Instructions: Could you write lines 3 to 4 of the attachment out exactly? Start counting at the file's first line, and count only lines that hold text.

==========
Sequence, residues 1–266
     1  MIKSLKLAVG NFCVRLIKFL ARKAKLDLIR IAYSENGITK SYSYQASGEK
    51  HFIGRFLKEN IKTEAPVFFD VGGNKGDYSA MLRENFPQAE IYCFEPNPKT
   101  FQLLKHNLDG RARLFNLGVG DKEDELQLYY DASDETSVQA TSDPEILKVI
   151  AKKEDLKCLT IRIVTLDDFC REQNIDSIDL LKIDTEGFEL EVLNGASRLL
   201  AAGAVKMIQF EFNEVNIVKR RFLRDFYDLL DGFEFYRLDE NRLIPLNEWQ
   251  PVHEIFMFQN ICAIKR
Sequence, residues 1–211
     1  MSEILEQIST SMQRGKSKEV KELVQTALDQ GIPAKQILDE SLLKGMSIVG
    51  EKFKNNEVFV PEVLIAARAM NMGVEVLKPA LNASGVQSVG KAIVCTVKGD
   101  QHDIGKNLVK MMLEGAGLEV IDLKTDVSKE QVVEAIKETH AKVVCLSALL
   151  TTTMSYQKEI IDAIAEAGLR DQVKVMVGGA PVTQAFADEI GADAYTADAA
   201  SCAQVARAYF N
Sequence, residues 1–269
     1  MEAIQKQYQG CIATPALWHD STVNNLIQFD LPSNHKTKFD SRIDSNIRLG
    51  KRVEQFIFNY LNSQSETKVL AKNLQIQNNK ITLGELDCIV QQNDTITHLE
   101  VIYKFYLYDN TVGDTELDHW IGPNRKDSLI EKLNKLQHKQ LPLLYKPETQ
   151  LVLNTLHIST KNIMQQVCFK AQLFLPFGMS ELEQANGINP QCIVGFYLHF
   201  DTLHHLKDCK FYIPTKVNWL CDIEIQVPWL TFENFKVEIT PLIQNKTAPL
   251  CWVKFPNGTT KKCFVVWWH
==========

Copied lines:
    51  HFIGRFLKEN IKTEAPVFFD VGGNKGDYSA MLRENFPQAE IYCFEPNPKT
   101  FQLLKHNLDG RARLFNLGVG DKEDELQLYY DASDETSVQA TSDPEILKVI